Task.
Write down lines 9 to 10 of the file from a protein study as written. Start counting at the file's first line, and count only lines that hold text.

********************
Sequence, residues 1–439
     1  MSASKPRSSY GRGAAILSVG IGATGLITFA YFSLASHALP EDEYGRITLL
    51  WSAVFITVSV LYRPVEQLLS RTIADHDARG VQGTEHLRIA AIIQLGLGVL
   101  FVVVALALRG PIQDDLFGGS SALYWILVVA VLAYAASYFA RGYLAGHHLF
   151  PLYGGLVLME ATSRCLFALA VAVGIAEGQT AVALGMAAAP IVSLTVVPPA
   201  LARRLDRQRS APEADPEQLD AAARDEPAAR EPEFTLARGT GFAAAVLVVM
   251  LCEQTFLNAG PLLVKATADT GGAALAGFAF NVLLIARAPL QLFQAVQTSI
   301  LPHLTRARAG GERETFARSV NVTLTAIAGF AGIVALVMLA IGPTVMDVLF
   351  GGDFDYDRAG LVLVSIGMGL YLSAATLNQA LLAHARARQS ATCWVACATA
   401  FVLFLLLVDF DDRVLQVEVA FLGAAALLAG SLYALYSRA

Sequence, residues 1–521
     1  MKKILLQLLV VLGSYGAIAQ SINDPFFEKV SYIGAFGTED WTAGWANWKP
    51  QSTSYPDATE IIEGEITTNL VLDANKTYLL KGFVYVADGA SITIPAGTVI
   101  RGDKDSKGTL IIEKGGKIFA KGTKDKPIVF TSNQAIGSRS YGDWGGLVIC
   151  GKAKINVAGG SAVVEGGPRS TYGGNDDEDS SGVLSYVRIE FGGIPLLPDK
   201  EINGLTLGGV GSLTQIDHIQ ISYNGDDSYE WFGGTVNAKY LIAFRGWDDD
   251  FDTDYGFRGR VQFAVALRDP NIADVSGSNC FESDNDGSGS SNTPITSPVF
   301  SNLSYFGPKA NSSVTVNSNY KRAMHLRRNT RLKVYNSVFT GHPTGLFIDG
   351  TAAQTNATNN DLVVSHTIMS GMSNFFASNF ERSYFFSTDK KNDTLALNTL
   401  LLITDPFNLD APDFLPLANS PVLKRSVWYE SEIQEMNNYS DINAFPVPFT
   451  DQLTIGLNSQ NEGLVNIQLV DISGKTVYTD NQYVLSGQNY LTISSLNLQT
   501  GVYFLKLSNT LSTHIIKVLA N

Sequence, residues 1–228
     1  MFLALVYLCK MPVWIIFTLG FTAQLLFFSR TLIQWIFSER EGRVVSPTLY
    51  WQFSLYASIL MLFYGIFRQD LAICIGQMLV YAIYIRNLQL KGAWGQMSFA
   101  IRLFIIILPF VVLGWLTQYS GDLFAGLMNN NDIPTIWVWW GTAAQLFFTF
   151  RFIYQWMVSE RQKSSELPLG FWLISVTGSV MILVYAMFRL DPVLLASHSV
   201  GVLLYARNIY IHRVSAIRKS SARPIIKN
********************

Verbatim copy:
   351  GGDFDYDRAG LVLVSIGMGL YLSAATLNQA LLAHARARQS ATCWVACATA
   401  FVLFLLLVDF DDRVLQVEVA FLGAAALLAG SLYALYSRA